Israeli baseball team has sights set on 2020 Tokyo Olympics
The players are chasing history as they hope to qualify for the Summer Games for the first time.
In Israel, where most of the residents are usually obsessed with basketball and soccer, a sport like baseball can often be overlooked. But you wouldn't know that if you were watching this week's European Baseball Championship, currently taking place in Bonn, Germany. Twelve countries are competing in the tournament, and Israel is entering this weekend's final matches with a 5-1 record – with wins over Britain, the Czech Republic, Sweden and Germany. They are guaranteed at least fourth place, if not higher, after their 8-2 win against France on Friday.
This is the first time Israel has even competed at this tournament, and they're already finishing at the top of the pack. "That progress is impossible to quantify," said David Wiseman, co-founder of Follow Team Israel, a popular Facebook group that shares the stories of Israeli athletes. If their winning streak continues, this could mark the first time that Israel sends a baseball team to the Olympics.
We caught up with Peter Kurz, president of the Israel Association of Baseball and general manager of Team Israel, in the dugout on Wednesday, shortly before their game against the Netherlands. From Germany, he said, the team will likely head to a round-robin tournament next week in Italy. Depending on how well they perform there, they will either instantly qualify for the Summer Games in Tokyo, or will try again to qualify in the spring of 2020 at an intercontinental tournament.
Before this week's tournament, Israel was ranked No. 19 in the world. Only six baseball teams will compete at the 2020 Summer Olympics, and Japan, the host nation, has already secured one of those spots. Three other spots will go to teams from Asia and the Americas, leaving only two spots available. This will mark a return for the sport, which was absent from the 2012 and 2016 Olympics. Cuba has won the most gold medals – three – since the sport was introduced at the 1904 Olympics in St. Louis. The last time baseball was played at the Olympics, in 2008, South Korea took home the gold medal. "Let's put it this way," Kurz told us. "When baseball was last in the Olympics, I'm not sure if baseball was even in Israel then."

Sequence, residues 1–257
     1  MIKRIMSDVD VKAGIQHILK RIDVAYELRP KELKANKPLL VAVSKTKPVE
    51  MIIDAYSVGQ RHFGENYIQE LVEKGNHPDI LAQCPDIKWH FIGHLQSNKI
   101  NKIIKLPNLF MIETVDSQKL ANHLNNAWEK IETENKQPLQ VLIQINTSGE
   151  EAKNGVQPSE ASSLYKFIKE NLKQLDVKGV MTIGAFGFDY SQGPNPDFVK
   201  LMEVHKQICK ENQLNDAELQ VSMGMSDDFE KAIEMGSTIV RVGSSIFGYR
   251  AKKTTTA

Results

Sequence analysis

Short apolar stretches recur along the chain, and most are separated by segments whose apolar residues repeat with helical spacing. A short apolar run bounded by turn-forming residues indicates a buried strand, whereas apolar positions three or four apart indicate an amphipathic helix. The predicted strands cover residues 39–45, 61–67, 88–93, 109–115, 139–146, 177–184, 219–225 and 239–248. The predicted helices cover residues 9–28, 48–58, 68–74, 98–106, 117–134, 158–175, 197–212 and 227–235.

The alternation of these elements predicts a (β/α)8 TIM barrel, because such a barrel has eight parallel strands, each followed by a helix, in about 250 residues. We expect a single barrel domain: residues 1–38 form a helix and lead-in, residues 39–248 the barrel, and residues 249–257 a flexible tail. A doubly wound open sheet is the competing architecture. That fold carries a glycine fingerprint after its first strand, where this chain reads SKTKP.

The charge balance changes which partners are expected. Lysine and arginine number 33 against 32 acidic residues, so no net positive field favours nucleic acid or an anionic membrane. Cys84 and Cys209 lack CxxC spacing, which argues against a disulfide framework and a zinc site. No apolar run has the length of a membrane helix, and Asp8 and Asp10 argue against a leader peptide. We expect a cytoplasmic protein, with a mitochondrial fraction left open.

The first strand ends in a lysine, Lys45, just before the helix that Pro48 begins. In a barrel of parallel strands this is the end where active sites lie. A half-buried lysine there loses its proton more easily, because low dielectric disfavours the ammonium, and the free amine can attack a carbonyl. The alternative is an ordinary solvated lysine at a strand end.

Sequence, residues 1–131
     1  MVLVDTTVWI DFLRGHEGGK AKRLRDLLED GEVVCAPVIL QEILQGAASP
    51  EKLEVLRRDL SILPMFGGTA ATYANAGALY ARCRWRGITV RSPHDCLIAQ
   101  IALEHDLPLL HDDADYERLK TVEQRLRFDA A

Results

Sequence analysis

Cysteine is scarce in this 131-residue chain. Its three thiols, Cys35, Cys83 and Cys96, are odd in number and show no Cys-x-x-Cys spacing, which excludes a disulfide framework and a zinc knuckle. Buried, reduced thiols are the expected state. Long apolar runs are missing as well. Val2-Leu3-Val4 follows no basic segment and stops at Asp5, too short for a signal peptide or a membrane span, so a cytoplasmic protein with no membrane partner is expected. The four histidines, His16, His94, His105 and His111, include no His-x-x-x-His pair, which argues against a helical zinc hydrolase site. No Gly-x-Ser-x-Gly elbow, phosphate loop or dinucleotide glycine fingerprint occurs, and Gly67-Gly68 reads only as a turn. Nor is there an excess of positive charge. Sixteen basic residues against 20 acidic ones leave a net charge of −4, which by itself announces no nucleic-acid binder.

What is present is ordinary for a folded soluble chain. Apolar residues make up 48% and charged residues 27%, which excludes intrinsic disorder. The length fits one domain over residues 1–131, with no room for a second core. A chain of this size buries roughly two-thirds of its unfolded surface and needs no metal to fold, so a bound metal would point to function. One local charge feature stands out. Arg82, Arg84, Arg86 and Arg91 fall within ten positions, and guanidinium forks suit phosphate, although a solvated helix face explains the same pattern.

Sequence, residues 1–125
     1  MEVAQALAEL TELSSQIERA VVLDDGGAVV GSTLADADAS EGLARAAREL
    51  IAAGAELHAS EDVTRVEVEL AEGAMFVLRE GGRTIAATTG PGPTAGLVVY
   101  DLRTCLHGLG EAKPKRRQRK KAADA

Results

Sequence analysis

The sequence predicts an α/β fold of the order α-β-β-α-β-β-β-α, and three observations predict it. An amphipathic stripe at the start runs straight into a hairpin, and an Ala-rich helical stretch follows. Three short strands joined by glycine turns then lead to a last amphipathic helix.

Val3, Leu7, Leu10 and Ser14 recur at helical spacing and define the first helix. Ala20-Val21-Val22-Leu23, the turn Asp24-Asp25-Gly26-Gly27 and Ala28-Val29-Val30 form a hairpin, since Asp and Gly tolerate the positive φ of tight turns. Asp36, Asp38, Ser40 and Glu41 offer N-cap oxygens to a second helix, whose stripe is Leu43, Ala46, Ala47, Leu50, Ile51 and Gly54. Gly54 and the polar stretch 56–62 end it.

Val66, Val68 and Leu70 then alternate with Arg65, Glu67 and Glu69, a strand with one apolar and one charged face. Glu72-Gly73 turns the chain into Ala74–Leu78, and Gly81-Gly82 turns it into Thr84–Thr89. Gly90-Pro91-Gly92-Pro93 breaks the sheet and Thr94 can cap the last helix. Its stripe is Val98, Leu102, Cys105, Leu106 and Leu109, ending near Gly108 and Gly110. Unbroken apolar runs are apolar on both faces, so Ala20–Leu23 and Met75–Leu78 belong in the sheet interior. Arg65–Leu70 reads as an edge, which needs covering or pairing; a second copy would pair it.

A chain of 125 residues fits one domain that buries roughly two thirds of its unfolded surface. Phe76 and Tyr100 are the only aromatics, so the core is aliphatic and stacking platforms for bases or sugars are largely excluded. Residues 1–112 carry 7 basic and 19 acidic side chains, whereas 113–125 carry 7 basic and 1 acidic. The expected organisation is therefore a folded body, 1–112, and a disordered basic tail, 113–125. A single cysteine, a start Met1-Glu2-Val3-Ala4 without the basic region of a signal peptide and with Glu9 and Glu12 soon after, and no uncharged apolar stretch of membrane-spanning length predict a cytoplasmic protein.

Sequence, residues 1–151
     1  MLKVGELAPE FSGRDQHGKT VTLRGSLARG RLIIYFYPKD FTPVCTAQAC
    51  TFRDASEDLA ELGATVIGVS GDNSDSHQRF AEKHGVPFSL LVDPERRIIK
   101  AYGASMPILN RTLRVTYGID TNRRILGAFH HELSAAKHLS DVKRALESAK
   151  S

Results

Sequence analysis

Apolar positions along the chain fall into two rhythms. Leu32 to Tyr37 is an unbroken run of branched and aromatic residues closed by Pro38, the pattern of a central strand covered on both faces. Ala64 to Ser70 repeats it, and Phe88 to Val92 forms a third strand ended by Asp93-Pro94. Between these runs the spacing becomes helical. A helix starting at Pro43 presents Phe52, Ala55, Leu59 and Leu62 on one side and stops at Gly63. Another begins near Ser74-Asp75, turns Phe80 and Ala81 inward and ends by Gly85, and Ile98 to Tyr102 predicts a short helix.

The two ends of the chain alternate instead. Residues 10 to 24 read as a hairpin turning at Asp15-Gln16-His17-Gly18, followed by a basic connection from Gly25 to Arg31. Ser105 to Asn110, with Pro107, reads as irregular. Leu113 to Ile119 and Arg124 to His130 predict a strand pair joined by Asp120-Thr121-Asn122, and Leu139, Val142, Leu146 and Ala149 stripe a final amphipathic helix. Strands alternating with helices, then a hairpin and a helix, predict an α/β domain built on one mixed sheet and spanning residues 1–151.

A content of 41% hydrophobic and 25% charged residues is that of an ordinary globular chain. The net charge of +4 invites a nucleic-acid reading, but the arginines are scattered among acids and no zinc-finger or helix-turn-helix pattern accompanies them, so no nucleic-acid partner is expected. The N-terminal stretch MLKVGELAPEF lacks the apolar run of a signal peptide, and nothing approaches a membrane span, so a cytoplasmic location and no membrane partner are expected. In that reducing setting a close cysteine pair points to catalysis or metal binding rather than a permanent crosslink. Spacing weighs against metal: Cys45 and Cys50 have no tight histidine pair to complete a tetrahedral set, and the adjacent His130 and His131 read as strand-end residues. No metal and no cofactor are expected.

At the 2017 World Baseball Classic, the Israeli team stunned the international baseball community with four straight wins, bringing a sense of history to the tournament. The Israeli team beat Korea in extra innings, shocked Chinese Taipei, defeated Cuba and played the Netherlands (twice!) before falling to Japan in their final game. ESPN dubbed the underdog Israeli team as "essentially the Mighty Ducks, Hickory High and the Jamaican bobsled team all rolled into one.” That winning season is now the subject of a new documentary called "Heading Home: The Tale of Team Israel."
Dean Kremer, who pitched for Israel during that historic World Baseball Classic run, now plays for the Baltimore Orioles. He's the first Israeli to be drafted into Major League Baseball. Kurz is hopeful he can get Kremer to re-join the Israeli team if they qualify for the Olympics. "We're still trying to get him," Kurz said. "He would be a huge addition for us."
We spoke with Kremer last year about his young and storied career so far. You can listen to our conversation with him below:
Win or lose, Olympics or not, Kurz is especially excited to see the growth of the sport in Israel. "I think the accomplishment that I'm most proud of is our under 18 players," he said. "This past summer, they won the European qualifiers in Sweden. The goal is to really make the game big in Israel." This has been a lifelong dream for the native New Yorker, who first visited Israel during the summer when he was 10 years old. "I was in Israel for two months and it had a huge influence on me." Two years later, when he was 12, he watched his beloved New York Mets win the World Series. "So those two events have certainly put me where I am today."
As for Wiseman, who runs the Follow Team Israel page, he's also seeing an uptick in interest in baseball among his followers. "Awareness is increasing all the time," he told From The Grapevine. "But locals don't have a strong connection to the sport and that's OK. They don't have to. Just as Americans don't have to like cricket and Kenyans don't have to love golf. The purpose isn't to convert them. This is about building up the sport for whomever wants to play it. It's about building awareness and infrastructure. If that's Dutch, American, Japanese and Cuban ex-pats – not only is this not an issue, it's what Israel is all about. People from all over the world come here with a shared love of the country as well as their particular sport."
MORE FROM THE GRAPEVINE: